Fernand Gobet

Fernand Gobet

Professor of Cognitive Psychology

A bit about Fernand Gobet

I earned my Ph.D. in psychology in 1992 at the University of Fribourg, Switzerland. After a six-year stay at Carnegie Mellon in Pittsburgh, USA, where I collaborated with Nobel Prize winner Herbert Simon, I was Senior Research Fellow and then Reader at the University of Nottingham. I moved to Brunel University in 2003 to take up a Chair in cognitive psychology. Since 2013, I have been Professor of cognitive psychology at the University of Liverpool.

My research interests include the psychology of expertise and talent, computational modelling and the acquisition of language. I’m the main architect behind the CHREST project (Chunk Hierarchy and REtrieval STructures), one of the few cognitive architectures in the world. Beyond perception, memory and decision making in a number of games (chess, Go, awele and blackjack), CHREST has simulated data on concept formation, implicit learning, memory for computer programs and problem gambling. Variants of CHREST have successfully accounted for key phenomena in the acquisition of syntactic structures (in collaboration with Daniel Freudenthal and Julian Pine, LuCiD) and the acquisition of vocabulary (in collaboration with Gary Jones, Nottingham Trent University, and Julian Pine, LuCiD).

I have over 250 scientific publications, including six books on expertise and computational modelling. My two latest books are Foundations of cognitive psychology (2011) and Problem gambling: Cognition, prevention and treatment (2014), and I’m currently finishing a book entitled Understanding expertise: An integration of psychology, neuroscience and sociology (2015). For more information please visit my CHREST profile page.

My Role in LuCiD

I will work on Work Package 12, on developing a model of word class acquisition that can simulate developmental changes in productivity across  languages,  and on the Language 0-5 Project.

 

LuCiD publications (9) by Fernand Gobet

Gobet, F. (2017). Entrenchment, Gestalt formation and chunking. In H.-J. Schmid (Ed.), Entrenchment, memory and automaticity. The psychology of linguistic knowledge and language learning (pp. 245-267). Berlin: Walter de Gruyter.

Freudenthal, D., Pine, J. M. & Gobet, F. (2016). Incorporating defaulting effects into MOSAIC: Building a two-factor model of the Optional Infinitive stage. Paper presented at the the 2nd LuCiD Language and Communicative Development Conference, Manchester, UK.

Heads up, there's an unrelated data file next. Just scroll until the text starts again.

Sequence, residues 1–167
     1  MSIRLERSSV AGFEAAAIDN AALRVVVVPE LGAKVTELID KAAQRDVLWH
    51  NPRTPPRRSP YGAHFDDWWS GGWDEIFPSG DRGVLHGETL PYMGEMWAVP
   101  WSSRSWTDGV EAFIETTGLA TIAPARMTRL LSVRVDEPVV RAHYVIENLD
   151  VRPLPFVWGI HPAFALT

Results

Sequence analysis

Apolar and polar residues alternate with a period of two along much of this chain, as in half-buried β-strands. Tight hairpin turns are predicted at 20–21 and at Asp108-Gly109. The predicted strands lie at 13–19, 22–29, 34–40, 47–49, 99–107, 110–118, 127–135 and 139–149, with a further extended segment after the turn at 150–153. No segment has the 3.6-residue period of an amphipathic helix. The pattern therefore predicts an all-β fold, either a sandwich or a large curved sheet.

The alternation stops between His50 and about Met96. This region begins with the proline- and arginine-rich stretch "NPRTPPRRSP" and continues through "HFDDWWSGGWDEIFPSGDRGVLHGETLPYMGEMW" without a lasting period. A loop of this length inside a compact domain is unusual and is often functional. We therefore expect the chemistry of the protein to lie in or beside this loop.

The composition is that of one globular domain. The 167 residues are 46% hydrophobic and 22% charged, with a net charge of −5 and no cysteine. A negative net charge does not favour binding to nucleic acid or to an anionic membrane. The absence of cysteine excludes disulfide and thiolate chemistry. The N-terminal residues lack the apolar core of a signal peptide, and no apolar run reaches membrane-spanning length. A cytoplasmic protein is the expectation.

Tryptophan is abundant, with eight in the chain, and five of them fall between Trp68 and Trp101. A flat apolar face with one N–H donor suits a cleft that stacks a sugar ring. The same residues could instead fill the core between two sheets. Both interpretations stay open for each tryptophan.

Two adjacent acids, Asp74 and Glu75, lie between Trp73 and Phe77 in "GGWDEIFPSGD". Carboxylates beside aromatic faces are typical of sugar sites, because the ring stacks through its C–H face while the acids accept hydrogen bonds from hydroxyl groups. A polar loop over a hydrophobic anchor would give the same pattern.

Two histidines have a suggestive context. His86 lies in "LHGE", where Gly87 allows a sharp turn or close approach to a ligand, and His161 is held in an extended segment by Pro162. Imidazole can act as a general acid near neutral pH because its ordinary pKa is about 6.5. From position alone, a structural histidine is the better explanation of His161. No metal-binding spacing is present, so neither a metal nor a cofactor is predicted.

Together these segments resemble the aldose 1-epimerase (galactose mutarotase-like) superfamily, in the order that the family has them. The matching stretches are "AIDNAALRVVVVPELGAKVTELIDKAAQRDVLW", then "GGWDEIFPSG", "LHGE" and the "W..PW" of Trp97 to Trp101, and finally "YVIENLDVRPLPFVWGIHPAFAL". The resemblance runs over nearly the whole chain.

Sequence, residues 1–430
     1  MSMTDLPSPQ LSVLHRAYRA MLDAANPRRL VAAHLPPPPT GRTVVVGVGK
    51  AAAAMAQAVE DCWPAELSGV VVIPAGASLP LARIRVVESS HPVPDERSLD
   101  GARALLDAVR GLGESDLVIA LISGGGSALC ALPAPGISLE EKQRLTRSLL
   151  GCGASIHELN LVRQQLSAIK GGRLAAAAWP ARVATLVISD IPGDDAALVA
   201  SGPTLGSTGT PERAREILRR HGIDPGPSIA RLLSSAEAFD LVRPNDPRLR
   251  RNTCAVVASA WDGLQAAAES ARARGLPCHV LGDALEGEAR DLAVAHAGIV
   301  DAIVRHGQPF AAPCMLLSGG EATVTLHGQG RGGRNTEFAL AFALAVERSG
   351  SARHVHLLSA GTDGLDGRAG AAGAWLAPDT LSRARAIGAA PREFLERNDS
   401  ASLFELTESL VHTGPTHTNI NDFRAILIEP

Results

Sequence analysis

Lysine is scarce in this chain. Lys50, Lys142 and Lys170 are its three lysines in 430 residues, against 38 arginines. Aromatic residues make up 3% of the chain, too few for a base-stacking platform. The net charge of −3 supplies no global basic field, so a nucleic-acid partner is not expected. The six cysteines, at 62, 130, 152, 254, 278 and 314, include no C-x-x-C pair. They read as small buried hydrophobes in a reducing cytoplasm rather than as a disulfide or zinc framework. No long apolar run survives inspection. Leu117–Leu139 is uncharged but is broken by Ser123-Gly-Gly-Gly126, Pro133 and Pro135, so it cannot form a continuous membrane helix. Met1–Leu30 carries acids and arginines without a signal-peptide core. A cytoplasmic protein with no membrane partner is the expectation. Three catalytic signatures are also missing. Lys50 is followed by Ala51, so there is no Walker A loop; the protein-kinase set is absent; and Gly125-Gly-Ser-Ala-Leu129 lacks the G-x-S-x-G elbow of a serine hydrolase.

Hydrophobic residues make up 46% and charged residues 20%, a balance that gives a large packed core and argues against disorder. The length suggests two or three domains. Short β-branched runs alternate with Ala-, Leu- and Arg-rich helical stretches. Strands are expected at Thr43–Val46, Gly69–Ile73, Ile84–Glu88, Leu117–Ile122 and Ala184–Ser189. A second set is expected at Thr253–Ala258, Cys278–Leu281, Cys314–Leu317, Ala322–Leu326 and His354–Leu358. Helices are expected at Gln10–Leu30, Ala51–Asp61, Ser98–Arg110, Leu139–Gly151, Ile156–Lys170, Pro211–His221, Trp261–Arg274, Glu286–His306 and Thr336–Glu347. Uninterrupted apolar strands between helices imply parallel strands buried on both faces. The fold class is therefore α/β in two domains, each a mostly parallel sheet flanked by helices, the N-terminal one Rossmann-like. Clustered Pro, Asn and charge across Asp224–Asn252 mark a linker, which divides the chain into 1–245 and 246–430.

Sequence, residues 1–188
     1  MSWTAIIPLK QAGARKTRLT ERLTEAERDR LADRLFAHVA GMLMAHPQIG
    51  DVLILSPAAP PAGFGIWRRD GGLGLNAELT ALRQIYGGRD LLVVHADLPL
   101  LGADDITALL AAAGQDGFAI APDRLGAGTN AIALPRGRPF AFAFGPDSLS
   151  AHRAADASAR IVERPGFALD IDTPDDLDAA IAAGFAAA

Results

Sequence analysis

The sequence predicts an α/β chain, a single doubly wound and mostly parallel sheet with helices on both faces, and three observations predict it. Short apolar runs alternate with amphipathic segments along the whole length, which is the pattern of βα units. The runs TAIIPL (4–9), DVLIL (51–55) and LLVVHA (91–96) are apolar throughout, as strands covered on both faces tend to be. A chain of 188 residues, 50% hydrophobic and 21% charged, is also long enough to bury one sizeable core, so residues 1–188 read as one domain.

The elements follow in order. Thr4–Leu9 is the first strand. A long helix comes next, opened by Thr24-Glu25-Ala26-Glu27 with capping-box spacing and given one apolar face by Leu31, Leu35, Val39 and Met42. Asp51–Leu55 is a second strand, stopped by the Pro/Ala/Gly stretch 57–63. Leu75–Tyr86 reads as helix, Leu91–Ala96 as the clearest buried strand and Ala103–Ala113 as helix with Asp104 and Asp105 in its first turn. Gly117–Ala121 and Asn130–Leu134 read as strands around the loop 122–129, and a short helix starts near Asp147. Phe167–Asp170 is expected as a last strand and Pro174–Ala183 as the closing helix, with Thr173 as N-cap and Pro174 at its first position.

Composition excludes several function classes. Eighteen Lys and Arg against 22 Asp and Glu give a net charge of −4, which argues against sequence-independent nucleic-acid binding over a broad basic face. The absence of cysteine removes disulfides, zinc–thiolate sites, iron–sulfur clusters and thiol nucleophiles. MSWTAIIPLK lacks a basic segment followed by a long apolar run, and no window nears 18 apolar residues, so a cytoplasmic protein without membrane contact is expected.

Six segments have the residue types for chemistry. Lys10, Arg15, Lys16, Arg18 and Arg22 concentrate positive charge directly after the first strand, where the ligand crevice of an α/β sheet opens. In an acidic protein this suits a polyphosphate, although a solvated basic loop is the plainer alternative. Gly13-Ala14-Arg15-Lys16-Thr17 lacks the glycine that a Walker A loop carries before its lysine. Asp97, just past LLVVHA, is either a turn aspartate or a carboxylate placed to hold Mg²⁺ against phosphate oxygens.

Kangatharan, J., Uther, M. & Gobet, F. (2016). Native and non native listeners’ speech comprehension performance under adverse listening conditions. Proceedings of New Sounds Conference. Aarhus, Denmark: New Sounds.

Lloyd-Kelly, M., Gobet, F., & Lane, P.C.R. (2016). Under pressure: How time-limited cognition explains statistical learning by 8-month old infants. Papafragou, A., Grodner, D., Mirman, D., & Trueswell, J.C. (Eds.). Proceedings of the 38th Annual Conference of the Cognitive Science Society. Austin, TX: Cognitive Science Society.

Freudenthal, D., Pine, J. M., Jones, G. & Gobet, F. (2016). Developmentally plausible learning of word categories from distributional statistics. In A. Papafragou, D. Grodner, D. Mirman, & J. C. Trueswell, (Eds.), Proceedings of the 38th Annual Conference of the Cognitive Science Society (pp. 674-679). Austin, TX: Cognitive Science Society.

Freudenthal, D., Pine, J. M., Jones, G. & Gobet, F. (2016). Simulating Developmental Changes in Noun Richness through Performance-limited Distributional Analysis. In A. Papafragou, D. Grodner, D. Mirman, & J. C. Trueswell, (Eds.), Proceedings of the 38th Annual Conference of the Cognitive Science Society (pp. 602-607). Austin, TX: Cognitive Science Society.

Lloyd-Kelly, M., Gobet, F. & Lane, P. (2015). Be-Bop-A-Lula: A CHREST model of infant word segmentation. Poster presented at the Fifth Implicit Learning Seminar, Lancaster University. Lancaster: UK.

Freudenthal, D., Pine, J. M., Jones, G. & Gobet, F. (2015). Defaulting effects contribute to the simulation of cross-linguistic differences in Optional Infinitive errors. In D. C. Noelle, R. Dale, A. S. Warlaumont, J. Yoshimi, T. Matlock, C. D. Jennings & P. P. Maglio (Eds.), Proceedings of the 37th Annual Meeting of the Cognitive Science Society (pp. 746-751). Austin, TX: Cognitive Science Society.

Freudenthal, D., Pine, J. M., Jones, G. & Gobet, F. (2015). Simulating the cross-linguistic pattern of Optional Infinitive errors in children's declaratives and Wh- questions. Cognition, 143, 61-76.

Search all Publications